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India's biggest destination for U.S. offshoring is branching out by setting up global delivery centers and acquiring other businesses
Investors are used to good things from Wipro (WIT). One of India's premier outsourcing companies, the Bangalore giant has been on an impressive winning streak and in April reported a 44% increase in quarterly profits, to $205 million, on a 42% increase in sales. That's the seventh quarter in a row that Wipro has posted an earnings record.
In the past couple of years, Wipro has made steady inroads into developing new markets in Europe to shed its reliance on the U.S. market. The results are starting to show. In fiscal 2007 the U.S. business market share was down to 48% from 50% the previous year. Today, Europe accounts for 25% of Wipro's global business.
Wipro is hardly giving up on the U.S., though. The company is looking to expand its presence there in hopes of adding hundreds of U.S. programmers. The goal is to get closer to U.S. customers.
Wipro Chairman Azim Premji believes it's important for the company to have more local employees who can better understand the needs of Wipro customers. With that in mind—and in order to counteract the impact of the rising rupee—Wipro has a target of 10% for its non-Indian workforce, up from just 2.5% today.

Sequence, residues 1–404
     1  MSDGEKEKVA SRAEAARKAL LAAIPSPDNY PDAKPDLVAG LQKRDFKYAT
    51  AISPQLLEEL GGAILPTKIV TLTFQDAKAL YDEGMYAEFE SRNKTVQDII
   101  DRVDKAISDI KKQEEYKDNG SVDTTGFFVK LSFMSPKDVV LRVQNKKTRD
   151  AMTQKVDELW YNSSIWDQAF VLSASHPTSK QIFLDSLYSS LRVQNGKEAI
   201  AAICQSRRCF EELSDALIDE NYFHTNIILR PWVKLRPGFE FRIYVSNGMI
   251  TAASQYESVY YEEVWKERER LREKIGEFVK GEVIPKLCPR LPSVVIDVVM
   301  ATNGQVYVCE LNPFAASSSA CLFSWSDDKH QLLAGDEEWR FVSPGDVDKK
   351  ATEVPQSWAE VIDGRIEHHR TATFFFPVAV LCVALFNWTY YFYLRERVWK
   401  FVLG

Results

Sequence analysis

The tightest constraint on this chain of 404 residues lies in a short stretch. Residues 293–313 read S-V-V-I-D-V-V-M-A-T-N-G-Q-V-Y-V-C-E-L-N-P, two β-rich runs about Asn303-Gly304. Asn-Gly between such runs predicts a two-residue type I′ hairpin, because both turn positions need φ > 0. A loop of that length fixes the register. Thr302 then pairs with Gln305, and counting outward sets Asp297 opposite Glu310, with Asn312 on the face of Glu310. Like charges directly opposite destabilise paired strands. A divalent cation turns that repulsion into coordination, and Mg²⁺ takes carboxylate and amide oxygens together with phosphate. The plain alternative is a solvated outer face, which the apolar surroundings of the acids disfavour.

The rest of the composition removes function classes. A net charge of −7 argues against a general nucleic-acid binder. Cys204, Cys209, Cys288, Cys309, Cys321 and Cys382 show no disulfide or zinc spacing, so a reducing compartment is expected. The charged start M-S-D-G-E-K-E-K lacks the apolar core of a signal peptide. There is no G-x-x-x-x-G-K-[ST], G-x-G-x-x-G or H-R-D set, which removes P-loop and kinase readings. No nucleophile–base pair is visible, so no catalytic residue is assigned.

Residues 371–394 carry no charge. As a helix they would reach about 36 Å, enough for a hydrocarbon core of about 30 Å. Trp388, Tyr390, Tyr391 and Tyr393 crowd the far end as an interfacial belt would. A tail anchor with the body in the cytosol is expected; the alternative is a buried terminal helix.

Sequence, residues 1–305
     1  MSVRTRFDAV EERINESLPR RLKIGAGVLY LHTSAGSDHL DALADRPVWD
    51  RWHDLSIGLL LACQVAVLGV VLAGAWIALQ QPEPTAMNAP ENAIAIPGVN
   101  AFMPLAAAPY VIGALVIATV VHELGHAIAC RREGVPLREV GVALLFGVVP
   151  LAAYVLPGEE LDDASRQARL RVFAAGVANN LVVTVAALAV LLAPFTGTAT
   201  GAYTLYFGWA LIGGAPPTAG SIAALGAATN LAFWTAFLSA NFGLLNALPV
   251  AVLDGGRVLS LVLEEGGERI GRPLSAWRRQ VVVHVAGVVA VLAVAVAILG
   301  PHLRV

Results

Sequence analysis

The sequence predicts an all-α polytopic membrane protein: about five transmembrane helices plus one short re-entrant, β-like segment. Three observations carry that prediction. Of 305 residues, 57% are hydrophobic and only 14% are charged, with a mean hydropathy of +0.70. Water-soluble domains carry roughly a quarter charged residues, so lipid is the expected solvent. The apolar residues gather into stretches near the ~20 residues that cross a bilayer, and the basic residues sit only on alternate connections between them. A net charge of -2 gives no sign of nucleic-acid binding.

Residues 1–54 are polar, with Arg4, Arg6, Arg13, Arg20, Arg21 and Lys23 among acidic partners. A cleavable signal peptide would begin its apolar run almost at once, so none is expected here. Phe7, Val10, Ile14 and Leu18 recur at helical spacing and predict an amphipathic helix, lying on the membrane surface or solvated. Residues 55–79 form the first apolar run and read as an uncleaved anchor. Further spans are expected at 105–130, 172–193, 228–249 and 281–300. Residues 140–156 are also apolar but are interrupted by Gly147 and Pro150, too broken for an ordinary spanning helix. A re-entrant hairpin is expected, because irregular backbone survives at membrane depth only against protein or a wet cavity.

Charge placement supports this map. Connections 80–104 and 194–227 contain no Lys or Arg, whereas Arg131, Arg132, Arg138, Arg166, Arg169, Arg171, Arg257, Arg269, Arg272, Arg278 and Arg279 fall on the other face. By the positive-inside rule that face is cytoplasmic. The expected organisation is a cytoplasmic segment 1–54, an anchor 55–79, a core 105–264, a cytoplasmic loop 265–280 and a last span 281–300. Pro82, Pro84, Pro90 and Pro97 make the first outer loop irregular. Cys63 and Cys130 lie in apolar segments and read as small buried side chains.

Apart from setting up global delivery centers across the world, Wipro is also focusing on making acquisitions in niche areas. Unlike IT rivals like Infosys (INFY) and Tata Consultancy Services, Wipro has a division that makes lighting equipment and soap and competes at home against consumer products heavyweights like Johnson & Johnson (JNJ) and Hindustan Lever. Now, Wipro is trying to strengthen its consumer business outside India.
On July 6 the company announced that it will spend $250 million to acquire Unza Holdings, a Singapore consumer products company. That's just the latest in a string of deals. Since April, 2006, Wipro has purchased eight companies in fields including computer-aided design and engineering services.
Another thing differentiating Wipro from its Indian IT rivals is the control that the chairman exercises. Premji owns more than 70% of Wipro and is chairman, chief executive officer, and managing director. In June his son Rishad joined the company.